The overall weather for your flight today from Scottsdale, Arizona (SDL), to San Carlos, California (SQL), looks excellent—no fronts, no storms, no ice, hardly any clouds—with one exception. Huge wildfires have covered much of Northern California with smoke. That means widespread IFR conditions near your destination. Can you make the trip?
The flight should take about 3:30 in your Cirrus SR22, given the less-than-direct route and 12,000 ft. cruising altitude that are required for avoiding terrain. That’s a long trip in this airplane, but certainly within its capabilities; you should arrive in the Bay Area with about 20 gallons of fuel remaining, which is more than your one hour personal minimum. However, the need to fly to an alternate might cut into that reserve. You’re instrument rated and current.
Departure time is planned for 9:00am PDT (1600Z). Read the weather briefing below and then add a comment sharing your decision.
Your trip today will take you north out of the Phoenix area, then west towards Bakersfield, before turning northwest towards the San Francisco area.
The surface analysis shows hardly anything to worry about, with no organized weather system throughout the Southwest.
The prog chart shows more of the same, with generally fair weather continuing throughout the day and into tomorrow.
There’s nothing to look at on the radar today, but the satellite image shows the smoke covering much of California. It’s clearly not vertically developed, but it is all over the coast.
The Graphical AIRMET shows what you would expect—good weather except for restricted visibilities. The unusual FU stands for smoke.
These weather conditions are where the Graphical Forecast for Aviation (GFA) can add some detail. First, the surface forecast, which shows widespread low visibility near your destination.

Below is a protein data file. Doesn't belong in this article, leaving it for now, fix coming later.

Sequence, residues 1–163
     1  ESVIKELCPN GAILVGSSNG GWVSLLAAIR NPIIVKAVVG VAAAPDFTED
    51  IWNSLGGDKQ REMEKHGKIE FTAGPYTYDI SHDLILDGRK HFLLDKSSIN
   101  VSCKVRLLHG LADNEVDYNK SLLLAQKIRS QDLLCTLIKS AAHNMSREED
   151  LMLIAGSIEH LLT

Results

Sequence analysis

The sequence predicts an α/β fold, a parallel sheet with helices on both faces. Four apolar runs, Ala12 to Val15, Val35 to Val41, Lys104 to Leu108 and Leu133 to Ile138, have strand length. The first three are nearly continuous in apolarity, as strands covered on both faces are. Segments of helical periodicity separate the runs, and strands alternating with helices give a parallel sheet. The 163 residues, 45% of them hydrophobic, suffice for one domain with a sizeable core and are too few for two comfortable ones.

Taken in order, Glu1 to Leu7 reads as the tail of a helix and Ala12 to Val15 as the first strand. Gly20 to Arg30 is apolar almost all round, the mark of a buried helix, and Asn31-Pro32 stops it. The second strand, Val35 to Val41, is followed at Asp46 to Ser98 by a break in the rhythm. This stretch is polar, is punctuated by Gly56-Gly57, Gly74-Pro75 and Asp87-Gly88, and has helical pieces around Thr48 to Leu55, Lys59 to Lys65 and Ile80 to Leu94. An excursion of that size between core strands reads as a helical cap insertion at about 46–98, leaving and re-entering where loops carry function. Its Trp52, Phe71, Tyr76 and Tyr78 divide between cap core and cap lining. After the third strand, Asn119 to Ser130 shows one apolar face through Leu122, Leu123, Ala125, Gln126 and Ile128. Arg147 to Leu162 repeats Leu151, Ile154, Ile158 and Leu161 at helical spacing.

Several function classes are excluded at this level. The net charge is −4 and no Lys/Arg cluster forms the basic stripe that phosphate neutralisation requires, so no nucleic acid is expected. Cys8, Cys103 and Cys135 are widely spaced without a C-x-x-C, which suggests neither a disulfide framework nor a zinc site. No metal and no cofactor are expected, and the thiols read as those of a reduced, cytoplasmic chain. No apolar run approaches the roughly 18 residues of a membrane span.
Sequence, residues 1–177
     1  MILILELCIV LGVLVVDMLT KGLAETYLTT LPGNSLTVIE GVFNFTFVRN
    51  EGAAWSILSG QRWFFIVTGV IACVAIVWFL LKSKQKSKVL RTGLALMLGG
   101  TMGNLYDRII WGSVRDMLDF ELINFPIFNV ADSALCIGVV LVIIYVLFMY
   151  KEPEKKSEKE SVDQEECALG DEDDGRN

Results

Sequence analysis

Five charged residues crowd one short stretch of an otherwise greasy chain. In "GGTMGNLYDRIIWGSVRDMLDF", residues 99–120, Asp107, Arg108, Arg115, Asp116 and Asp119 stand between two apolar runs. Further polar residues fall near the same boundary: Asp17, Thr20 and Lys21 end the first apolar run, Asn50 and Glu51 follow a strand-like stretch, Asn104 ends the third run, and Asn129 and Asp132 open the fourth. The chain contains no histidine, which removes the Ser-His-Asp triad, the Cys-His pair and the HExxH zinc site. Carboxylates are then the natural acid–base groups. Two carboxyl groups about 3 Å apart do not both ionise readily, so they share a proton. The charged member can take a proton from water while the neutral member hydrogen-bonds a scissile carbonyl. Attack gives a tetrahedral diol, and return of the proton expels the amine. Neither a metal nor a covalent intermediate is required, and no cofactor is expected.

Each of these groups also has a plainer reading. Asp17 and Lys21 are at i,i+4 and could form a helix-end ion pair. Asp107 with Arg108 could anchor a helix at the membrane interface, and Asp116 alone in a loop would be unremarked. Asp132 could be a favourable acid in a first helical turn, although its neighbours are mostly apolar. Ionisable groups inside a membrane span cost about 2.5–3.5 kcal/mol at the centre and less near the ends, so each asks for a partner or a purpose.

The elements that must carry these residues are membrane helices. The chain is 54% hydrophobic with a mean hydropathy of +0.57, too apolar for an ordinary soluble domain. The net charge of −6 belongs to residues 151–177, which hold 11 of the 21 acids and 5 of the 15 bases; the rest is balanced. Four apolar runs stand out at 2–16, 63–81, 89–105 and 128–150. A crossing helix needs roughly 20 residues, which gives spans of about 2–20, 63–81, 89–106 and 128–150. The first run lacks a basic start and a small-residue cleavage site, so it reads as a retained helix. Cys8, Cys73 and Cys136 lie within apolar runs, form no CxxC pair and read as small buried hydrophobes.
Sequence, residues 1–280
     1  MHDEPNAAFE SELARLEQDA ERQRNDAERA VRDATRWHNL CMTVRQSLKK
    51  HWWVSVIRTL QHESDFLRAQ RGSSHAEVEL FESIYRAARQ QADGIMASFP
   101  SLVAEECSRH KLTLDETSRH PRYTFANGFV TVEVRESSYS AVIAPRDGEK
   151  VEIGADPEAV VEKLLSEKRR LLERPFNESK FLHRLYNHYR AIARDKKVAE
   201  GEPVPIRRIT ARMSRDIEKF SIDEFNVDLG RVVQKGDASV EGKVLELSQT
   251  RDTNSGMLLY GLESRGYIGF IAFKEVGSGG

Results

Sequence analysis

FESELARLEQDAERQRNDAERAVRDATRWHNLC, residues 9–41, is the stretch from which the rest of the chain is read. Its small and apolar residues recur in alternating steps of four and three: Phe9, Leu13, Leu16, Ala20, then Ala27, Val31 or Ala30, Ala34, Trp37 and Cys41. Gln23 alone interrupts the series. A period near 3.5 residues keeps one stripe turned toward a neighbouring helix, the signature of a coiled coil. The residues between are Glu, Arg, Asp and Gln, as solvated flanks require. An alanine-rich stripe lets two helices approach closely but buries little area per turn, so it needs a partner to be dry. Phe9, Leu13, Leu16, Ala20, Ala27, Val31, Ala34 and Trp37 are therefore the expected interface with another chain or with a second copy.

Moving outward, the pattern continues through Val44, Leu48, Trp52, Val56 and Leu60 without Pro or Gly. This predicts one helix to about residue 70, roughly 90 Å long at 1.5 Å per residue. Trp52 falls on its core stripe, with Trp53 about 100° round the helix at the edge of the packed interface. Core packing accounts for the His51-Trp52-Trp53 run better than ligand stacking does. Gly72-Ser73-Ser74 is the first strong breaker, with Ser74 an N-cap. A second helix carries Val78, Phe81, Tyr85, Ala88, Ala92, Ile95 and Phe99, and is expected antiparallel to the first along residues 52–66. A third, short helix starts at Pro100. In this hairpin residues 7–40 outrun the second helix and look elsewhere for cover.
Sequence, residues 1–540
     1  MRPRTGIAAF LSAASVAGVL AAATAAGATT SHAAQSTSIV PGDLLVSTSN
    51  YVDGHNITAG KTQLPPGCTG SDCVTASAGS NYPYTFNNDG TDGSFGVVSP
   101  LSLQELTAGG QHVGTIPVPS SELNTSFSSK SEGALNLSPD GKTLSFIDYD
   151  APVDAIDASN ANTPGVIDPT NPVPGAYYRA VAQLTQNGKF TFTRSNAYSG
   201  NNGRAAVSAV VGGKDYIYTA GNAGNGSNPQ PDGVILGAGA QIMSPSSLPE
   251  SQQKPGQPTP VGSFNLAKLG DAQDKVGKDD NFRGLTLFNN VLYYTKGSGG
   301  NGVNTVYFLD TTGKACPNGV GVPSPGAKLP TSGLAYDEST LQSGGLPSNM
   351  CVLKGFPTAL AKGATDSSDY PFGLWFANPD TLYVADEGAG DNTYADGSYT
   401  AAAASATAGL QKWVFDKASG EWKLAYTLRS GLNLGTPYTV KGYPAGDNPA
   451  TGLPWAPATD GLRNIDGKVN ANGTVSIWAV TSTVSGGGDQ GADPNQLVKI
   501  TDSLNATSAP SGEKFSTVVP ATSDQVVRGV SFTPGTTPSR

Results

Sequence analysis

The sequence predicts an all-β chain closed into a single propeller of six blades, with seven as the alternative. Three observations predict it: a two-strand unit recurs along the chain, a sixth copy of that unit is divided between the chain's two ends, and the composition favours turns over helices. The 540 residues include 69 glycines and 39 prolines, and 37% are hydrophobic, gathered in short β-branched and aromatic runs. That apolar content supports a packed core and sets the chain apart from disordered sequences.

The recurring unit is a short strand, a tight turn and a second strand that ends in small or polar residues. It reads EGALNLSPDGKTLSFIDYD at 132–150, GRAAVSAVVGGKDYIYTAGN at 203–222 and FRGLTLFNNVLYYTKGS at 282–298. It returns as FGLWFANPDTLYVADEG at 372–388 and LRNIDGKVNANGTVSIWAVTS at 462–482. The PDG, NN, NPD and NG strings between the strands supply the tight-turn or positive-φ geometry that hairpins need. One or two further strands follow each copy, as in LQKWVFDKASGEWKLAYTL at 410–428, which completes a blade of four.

Then there’s the cloud forecast, valid for about an hour and a half before your arrival. It shows clear skies except along the coast, where tops are low and ceilings are forecast to be around 1000 ft.
Here’s where the rubber meets the road. Will conditions allow you to make a safe approach and landing at San Carlos? First the good news: your departure airport is reporting excellent conditions and it’s forecast to stay that way.
En route, the weather is good VFR until you get north of Los Angeles. At your destination, conditions are definitely IFR—in fact, they are below approach minimums right now (which are 900 and 1 1/4 for the RNAV (GPS) Z to runway 30). The nearest TAF (for SFO) suggests things will get better as the day goes on.
Given the current weather at SQL, the TAF at SFO, and common sense, you need an IFR alternate today. Unfortunately, there aren’t many good options. Smoke has brought ceilings and visibility down all over California. Here are three nearby international airports, all reporting conditions that are above approach minimums, but not by much.
The story is the same almost everywhere within 100 miles. In fact, Bakersfield is the nearest airport with truly VFR weather right now (clear skies and 3 miles visibility with haze), but that’s 200 miles away.
A few PIREPs offer the last details. As expected, tops are very low but so are ceilings.
For a fairly benign weather day, there’s actually a lot going on here. First things first: if the TAF holds, you can fly to your destination and land safely. Easy. Legally, you need an alternate and while none of the airports around San Carlos qualify right now based on the METARs, they do based on the TAFs. In fact, you could wait half an hour longer and eliminate the need for an alternate altogether. The only minor issue is that a Presidential TFR is going active early in the afternoon in Phoenix, so you’d definitely like to be airborne in the next two hours or so.
The legwork for a “legal” IFR alternate is beside the point, really. When you arrive at SQL, you’ll have enough fuel to shoot the approach, miss, and divert to a nearby airport (there are plenty around with precision approaches, including SFO, OAK, SJC). Given all that, you’ll still have the FAA-mandated 45 minutes of fuel on board, so you’re legal. But you won’t have much more fuel than that, so if conditions happen to go down, you have few good options and no solid VFR weather within range. And then of course there’s the hassle factor—San Carlos is much more convenient for your ultimate destination than the big airports at San Jose or San Francisco, not to mention the higher costs.
Is it a go or a no-go? Add your comment below.
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